In this week’s Shamwari series, we head to Port Elizabeth for some sand boarding, and I discover the importance of fire in my first controlled burn. This follows my return to Shamwari’s student programme, where I found myself in the middle of a herd of 26 elephants! You can read the series from the very beginning here. You can read all about that in the last Shamwari Diaries post:Act 5 Scene 1 – Falling into place. Or, read the series from the very start here.
Sunday 5th October
I’ve spent this weekend in Port Elizabeth, staying in a backpacker’s hostel with my fellow student volunteers. After a night of fruit cocktail and clubbing, we went to a gorgeous little cafe for breakfast this morning, which was amazing! I had the nicest fruit smoothie I’ve ever tasted.
Two of the guys who run the hostel we’re staying in took us sand boarding this afternoon, on some huge sand dunes!
It was so much fun — despite the fact it took me a few attempts before I could start off properly without covering my board in sand!
But once I’d got the hang of it, it was awesome. And just as we were taking a bit of a break, a privately owned plane flew over head and out to sea, where it began doing all sorts of mad stunts!
He kept flying upside and down nose diving over the sea; getting so close to the water before whipping upwards again, as well as stalling the engine as he neared the water! A scary but exciting free stunt show!
Better to burn out than to fade away
Tuesday 7th October 2008
Today was absolutely boiling! Around 36- 37 degrees C.
We began the day’s activities with a two and a half hour hike through Death Valley (a valley in Bushman Sands reserve that I hiked through a few weeks ago).
Although the walk itself was tough, it felt really good when we’d finished, and the route itself was an interesting one.
We ended the hike at a cave at the top of a rock formation, where there were some ancient bushman paintings.
After we had hiked back to the truck, Jaco got a phone call to say that they are carrying out controlled burns in the southern section of the reserve to regenerate the dead grasses there.
The purpose of this is to intentionally set a wildfire for the sake of land management; the fire helps to manage (burn away) weeds and shrubs, and therefore reduce the risk of accidental wildfires (the likes of which I’ve seen before out here).
The fires have the added effect of restoring nutrients, so that more desirable plants grow in the future. This process occurs naturally in certain biomes as well.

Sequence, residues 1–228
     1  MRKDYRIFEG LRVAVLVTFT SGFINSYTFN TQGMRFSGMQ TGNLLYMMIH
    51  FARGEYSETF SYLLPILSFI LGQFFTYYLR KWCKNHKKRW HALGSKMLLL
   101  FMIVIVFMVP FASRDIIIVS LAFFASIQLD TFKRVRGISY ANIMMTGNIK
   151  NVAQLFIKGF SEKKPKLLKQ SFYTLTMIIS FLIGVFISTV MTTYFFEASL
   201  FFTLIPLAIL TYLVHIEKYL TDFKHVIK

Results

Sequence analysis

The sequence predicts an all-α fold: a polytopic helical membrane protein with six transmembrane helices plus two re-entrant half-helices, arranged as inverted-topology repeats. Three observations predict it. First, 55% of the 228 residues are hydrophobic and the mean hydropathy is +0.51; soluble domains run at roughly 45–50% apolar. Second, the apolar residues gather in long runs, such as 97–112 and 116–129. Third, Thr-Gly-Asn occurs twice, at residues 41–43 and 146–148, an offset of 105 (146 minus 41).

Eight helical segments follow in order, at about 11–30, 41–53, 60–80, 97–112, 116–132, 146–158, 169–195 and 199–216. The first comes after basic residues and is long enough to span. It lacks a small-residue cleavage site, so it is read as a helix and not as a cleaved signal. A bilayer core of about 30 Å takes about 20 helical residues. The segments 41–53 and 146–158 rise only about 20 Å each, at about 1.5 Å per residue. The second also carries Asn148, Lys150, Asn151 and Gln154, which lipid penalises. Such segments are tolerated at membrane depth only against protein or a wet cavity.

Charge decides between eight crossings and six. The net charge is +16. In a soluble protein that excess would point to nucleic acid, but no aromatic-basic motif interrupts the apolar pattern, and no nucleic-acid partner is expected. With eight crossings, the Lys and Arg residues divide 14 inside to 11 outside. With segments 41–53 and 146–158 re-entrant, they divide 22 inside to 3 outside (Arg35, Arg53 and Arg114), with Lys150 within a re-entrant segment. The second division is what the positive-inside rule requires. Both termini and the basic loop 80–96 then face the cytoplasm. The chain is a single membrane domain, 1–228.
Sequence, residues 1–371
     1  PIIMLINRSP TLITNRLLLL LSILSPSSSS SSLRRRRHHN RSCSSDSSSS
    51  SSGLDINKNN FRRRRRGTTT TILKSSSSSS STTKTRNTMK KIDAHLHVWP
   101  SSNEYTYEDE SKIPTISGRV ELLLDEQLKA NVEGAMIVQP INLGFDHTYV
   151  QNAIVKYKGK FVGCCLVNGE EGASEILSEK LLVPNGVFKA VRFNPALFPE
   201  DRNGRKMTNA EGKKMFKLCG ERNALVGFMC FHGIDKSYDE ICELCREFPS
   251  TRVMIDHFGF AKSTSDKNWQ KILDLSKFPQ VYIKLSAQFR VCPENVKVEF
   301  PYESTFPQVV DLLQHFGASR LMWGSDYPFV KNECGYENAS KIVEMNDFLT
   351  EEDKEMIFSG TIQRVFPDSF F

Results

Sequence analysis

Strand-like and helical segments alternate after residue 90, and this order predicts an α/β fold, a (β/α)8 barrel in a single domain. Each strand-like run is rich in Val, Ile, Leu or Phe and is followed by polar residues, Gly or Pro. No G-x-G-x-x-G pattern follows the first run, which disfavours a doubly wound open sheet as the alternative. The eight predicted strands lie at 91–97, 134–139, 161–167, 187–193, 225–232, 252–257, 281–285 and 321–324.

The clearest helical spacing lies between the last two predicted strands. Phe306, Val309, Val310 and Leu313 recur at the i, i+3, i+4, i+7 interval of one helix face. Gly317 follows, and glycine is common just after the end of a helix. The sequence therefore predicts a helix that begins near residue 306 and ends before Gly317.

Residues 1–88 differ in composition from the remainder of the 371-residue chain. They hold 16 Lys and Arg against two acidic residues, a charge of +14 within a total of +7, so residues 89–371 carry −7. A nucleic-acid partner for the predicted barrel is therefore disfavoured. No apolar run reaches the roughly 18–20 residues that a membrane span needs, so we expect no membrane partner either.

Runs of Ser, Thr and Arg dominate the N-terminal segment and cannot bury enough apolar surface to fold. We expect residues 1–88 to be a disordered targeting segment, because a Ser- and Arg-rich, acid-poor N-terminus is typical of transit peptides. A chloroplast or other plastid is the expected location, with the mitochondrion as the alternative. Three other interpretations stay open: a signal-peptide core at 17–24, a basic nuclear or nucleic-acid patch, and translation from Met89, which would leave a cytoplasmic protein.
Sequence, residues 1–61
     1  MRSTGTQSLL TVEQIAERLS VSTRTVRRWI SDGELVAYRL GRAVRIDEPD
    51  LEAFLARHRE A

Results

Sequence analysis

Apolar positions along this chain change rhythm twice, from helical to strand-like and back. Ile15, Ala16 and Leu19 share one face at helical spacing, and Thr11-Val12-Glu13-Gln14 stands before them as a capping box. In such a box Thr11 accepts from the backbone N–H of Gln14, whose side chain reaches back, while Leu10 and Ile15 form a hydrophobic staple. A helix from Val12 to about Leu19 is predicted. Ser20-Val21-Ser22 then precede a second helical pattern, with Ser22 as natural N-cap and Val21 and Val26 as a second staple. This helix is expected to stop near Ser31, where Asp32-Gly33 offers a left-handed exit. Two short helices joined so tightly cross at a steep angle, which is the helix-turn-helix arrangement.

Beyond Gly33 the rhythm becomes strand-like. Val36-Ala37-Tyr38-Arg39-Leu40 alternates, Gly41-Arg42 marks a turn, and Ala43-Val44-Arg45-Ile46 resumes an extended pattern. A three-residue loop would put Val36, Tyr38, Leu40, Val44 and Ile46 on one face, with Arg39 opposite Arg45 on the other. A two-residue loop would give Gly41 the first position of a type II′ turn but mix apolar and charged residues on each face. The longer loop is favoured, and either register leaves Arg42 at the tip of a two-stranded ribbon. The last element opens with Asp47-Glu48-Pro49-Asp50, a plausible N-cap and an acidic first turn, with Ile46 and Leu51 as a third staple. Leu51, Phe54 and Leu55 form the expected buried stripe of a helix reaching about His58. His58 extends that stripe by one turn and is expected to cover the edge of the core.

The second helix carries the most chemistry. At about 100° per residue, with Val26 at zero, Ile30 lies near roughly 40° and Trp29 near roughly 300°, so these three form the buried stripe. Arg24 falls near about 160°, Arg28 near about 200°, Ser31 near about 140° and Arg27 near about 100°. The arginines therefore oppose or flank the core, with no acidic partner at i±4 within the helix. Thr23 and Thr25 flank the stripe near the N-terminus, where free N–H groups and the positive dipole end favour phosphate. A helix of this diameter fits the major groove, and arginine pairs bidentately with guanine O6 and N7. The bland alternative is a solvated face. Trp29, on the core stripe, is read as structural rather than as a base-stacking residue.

It was such a hot day as it was, but it was unbearable in the truck driving through the fires, checking that all was in order .
In the afternoon we were supposed to remove some wire fencing, but Jaco decided it was way too hot to do that, so instead we did a short game drive back to Madolas.
Wednesday 8th October 2008
Had a really good day! Started out by visiting the southern Born Free Centre and having a guided tour around all of the enclosures with Glen Vena; the manager of the centre.
2019 Note: I would see Glen Vena 6 years later, at a special event in the UK to commemorate 30 Years of the Born Free Foundation.
Although I’ve been there several times before, this is the first time that I’ve been able to see Achee and Ma Juah, the two lionesses (I previously adopted Ma Juah as a Christmas gift) and both have bone deformities due to previous bad diets – Achee is also incredibly small (half the size of a normal lioness) due to her condition.
After that we took a short drive around the reserve and found a male and female lion from the southern pride mating!
We watched them for quite a while before moving on to do some wire fence removal for a few hours in the afternoon.
We had a huge storm in the evening, which is the first proper rain fall in weeks – which will be brilliant for the burn site yesterday.
Next time: Pine needles pose a problem, and I head to Mossel Bay to see Great White Sharks! You can read the series from the very beginning here.
CHECK IT OUT! The first post of my Shamwari Series features in a new book, The Wildlife Blog Collection: a compilation of 70 amazing stories celebrating some of the most memorable, entrancing and exciting wildlife moments as told by top nature writers from across the globe. Order your copy here